Harris, R. and Moffat, J. and Evenhuis, E. and Martin, R. and Pike, A. and Sunley, P. (2019) 'Does spatial proximity raise firm productivity? evidence from British manufacturing.', Cambridge journal of regions, economy and society., 12 (3). pp. 467-487.
The UK’s economy is one of the most regionally imbalanced in Europe. The government’s recent industrial strategy discusses various means of addressing this, one of which is the strengthening of existing clusters. Using plant-level indices of spatial proximity derived from postcode district data, this article investigates the extent of spatial concentration and its impact on total factor productivity in advanced manufacturing sectors in Great Britain. The results from estimation of production functions indicate that, in most advanced manufacturing sectors, spatial concentration has a negative impact on productivity in small plants and a positive effect in larger plants. Large plants likely benefit more from knowledge spillovers due to their higher levels of absorptive capacity.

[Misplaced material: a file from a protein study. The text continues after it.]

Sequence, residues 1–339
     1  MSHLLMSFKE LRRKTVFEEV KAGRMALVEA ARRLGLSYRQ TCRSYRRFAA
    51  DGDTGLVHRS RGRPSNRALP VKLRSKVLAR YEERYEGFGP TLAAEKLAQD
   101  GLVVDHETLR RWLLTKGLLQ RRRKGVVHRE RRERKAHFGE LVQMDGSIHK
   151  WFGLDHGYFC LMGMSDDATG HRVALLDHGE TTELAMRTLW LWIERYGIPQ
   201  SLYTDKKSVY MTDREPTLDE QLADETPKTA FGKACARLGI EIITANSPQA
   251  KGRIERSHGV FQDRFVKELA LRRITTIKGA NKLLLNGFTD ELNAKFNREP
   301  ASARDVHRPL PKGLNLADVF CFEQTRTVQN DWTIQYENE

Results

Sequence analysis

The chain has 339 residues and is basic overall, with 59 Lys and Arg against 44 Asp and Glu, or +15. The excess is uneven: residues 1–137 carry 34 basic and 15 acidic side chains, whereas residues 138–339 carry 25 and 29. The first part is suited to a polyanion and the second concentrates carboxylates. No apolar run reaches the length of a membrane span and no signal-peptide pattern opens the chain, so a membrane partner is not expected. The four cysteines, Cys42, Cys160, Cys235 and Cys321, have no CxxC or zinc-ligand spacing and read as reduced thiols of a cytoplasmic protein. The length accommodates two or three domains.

|Full text:||(AM) Accepted Manuscript|
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|Publisher Web site:||https://doi.org/10.1093/cjres/rsz017|
|Publisher statement:||This is a pre-copyedited, author-produced PDF of an article accepted for publication in Cambridge journal of regions, economy and society following peer review. The version of record Harris, R , Moffat, J, Evenhuis, E, Martin, R Pike, A & Peter Sunley (2019). Does Spatial Proximity Raise Firm Productivity? Evidence from British Manufacturing. Cambridge Journal of Regions, Economy and Society 12(3): 467-487 is available online at: https://doi.org/10.1093/cjres/rsz017|
|Date accepted:||21 August 2019|
|Date deposited:||27 August 2019|
|Date of first online publication:||22 October 2019|
|Date first made open access:||22 October 2021|
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